Beware: Non-Insurers Are Eying the Insurance Space

The greatest competitive threat to insurers may not be other insurers, but rather, noninsurance companies. As technology and digital capabilities proliferate, the insurance space is opening up to a number of new types of players, such as Web businesses, car manufacturers, and utilities.

That’s one of the key takeaways of a new report out of Morgan Stanley and Boston Consulting Group. BCG analysts Michael Niddam, Jean-Christophe Gard, and Jonathan Koopmans caution that “insurers that fail to adapt to the shifting environment are in peril of being marginalized as mere providers of capital for shrinking risk pools.”

The new competitive landscape is the result of digital “ecosystems of companies, individual contributors, institutions, and consumers that interact in new relationships to create combined services and mutual value,” the BCG team says. That’s because many of these non-insurance partners will be building their own relationships and brands with insurance customers.

Devices and big data are at the core of many of these emerging new ecosystems. For example, some telecoms are allying with car manufacturers to provide constant data streams on the state and usage of their vehicles. The original intent was to reduce maintenance costs, but this is also valuable information for insurers as well.

Does this mean telecoms will suddenly decide to become P&C insurance carriers? No, but the alliances they forge could potentially make or break the fortunes of existing insurers. These “’adjacent’ players (operating in industries with high-customer engagement) are well positioned to embed insurance cover in the products and services they sell.”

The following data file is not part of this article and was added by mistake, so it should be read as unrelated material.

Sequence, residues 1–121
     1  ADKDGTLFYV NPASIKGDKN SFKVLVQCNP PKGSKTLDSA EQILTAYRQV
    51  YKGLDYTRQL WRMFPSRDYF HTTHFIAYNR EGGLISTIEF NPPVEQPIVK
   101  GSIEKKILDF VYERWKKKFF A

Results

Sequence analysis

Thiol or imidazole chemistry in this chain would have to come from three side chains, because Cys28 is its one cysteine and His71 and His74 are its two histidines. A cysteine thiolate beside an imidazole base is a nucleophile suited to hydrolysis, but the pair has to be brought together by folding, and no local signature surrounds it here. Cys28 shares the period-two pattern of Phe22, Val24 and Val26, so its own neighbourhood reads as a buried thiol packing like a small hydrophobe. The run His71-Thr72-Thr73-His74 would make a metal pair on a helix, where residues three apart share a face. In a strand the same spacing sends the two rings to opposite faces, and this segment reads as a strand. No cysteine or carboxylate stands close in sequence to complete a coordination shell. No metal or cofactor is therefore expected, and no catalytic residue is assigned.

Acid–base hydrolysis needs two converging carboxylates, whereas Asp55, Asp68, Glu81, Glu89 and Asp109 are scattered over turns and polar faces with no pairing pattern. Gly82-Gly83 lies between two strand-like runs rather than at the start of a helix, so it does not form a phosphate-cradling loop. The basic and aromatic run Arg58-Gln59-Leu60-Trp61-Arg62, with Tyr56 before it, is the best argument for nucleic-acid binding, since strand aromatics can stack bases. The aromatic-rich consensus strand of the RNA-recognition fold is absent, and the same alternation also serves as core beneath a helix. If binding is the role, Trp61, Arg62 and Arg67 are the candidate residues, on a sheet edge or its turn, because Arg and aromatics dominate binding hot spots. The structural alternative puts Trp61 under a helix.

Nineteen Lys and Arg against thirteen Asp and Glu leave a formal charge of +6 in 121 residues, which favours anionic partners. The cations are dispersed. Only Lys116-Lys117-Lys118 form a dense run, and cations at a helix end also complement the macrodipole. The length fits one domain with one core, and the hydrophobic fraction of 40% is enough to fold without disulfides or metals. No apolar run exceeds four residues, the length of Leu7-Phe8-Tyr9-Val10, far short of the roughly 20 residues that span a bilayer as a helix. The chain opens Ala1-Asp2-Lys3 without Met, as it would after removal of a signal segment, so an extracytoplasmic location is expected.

The report’s authors foresee competitive threats emerging across three key areas of the insurance business: distribution, underwriting, and claims management.

The insurance companies thriving in this environment, Niddam, Gard, and Koopmans state, will be those that intelligently partner with adjacent industry leaders. They cite some current examples of insurance industry partnerships across the globe:

• Bought By Many (BBM) is a UK-based site that employs big data to match consumers with specific (and often hard-to-find) unique insurance products from participating insurers.

• Alibaba, a large online and mobile commerce company, supplements its offerings with financial services from an affiliate, Ant Financial. In 2013, Ant Financial set up an online insurance company which provides protection for merchandise return shipping.

• Tokio Marine partnered with NTT Docomo, a telecom provider, to provide unique short-term insurance products through apps, such as one-day auto insurance policies.

• Insure-The-Box, a UK-based insurance company, teamed up with Toyota to offer telematics-driven auto insurance, awarding discounts based on driving habits or time of day driven.

• British Gas launched a line of home insurance products tied to maintenance assurance, as well as promoting smart home technology.

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